• Adopt a precautionary approach to children's environmental health by reducing chemical use in your home, including eliminating unwanted or unnecessary cleaning products, personal products, garden pesticides, pet care and household insect control.

• Become a conscientious purchaser when buying household goods, children’s toys and clothing. This can help avoid the toxic products used in stain protection and non stick cookware. Before purchase, check all computers and household white goods to ensure they do not contain hazardous brominated flame retardants.

• Review the family’s diet to include more foods that are low in the food chain and do not include as many animal fats, as well as increasing the quantity of organic and home grown produce consumed. Avoid processed foods i.e. packets, cans, frozen and fast foods.

• Try to ensure your child’s day care center or school is free of toxic cleaning agents and pesticides.

More Information

National Toxics Network website

Working Together to Clear The Air: How the chemical cocktail inside our homes is poisoning our children. Jo Immig. Total Environment Centre.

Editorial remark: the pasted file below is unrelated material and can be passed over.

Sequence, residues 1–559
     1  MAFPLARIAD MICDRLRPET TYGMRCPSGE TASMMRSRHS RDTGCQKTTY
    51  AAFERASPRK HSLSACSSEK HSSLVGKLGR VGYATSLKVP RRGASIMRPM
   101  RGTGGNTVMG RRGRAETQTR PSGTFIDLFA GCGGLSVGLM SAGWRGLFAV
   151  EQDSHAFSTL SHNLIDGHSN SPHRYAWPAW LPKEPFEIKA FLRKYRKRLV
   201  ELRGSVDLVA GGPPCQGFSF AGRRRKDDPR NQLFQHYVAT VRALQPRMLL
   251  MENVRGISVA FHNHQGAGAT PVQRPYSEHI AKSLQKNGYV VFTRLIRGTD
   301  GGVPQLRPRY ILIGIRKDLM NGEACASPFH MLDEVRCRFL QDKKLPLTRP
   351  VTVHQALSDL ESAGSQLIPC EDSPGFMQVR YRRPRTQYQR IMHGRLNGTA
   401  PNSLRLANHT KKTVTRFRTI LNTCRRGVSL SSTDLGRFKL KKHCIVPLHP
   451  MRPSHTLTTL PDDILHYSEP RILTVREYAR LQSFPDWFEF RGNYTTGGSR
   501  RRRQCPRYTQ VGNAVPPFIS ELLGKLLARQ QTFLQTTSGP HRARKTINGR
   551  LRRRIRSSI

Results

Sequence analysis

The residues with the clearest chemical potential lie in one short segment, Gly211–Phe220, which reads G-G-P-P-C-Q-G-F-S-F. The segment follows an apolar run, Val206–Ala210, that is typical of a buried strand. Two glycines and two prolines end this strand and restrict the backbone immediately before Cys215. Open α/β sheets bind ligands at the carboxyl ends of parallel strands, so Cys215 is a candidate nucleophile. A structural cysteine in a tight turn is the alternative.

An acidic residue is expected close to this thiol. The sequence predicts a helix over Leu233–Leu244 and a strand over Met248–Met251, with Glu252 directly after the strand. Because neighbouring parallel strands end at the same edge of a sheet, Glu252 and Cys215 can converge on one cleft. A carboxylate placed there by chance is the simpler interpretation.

Chemical regulation in Australia. Australia industrial chemicals regulator, the National Chemicals Notification and Assessment Scheme (NICNAS)

Chemical Legacy: Contamination of the Child. Catherine N. Dorey PhD. Greenpeace 2005. Greenpeace Chemical Legacy Report

Sick of Dust: Chemicals in Common Products – A Needless Health Risk in Our Homes. Costner P, Thorpe B, and McPherson A. March 2005. A Project of Clean Production Action. Health Care Without Harm.

‘Children in the New Millennium: Environmental Impact on Health. 2002. United Nations Environment Programme (UNEP), United Nation’s Children’s Fund (UNICEF) and World Health Organisation (WHO). , and

Hazardous Chemicals in House Dust: Consuming Chemicals. May2003 Greenpeace Hazardous Chemical in House Dust

Bruce P. Lanphear*, Charles V. Vorhees, David C. Bellinger. Protecting Children from Environmental Toxins. Toxicity testing of pesticides and industrial chemicals is a crucial step. PLoS Medicine | March 2005 | Volume 2 | Issue 3 | e61

Environmental Working Group Report ‘Skin Deep’ Skin Deep Report

UK RCEP 24th report on chemicals in consumer products.

The European Commission. Enterprise Directorate-General, Chemicals. The New EU Chemicals Legislation. REACH. EU Whitepaper - Reach

Zwi KJ & Henry RL. 2005. Children in Australian Society. MJA 183(3)  MJA, Zwi & Henry, 2005

Written by:
Dr Sharyn Martin for ASEHA Qld Inc.

PO Box 96 Margate Qld 4019

E-mail: This e-mail address is being protected from spambots. You need JavaScript enabled to view it


Last Updated (Saturday, 14 November 2009 03:57)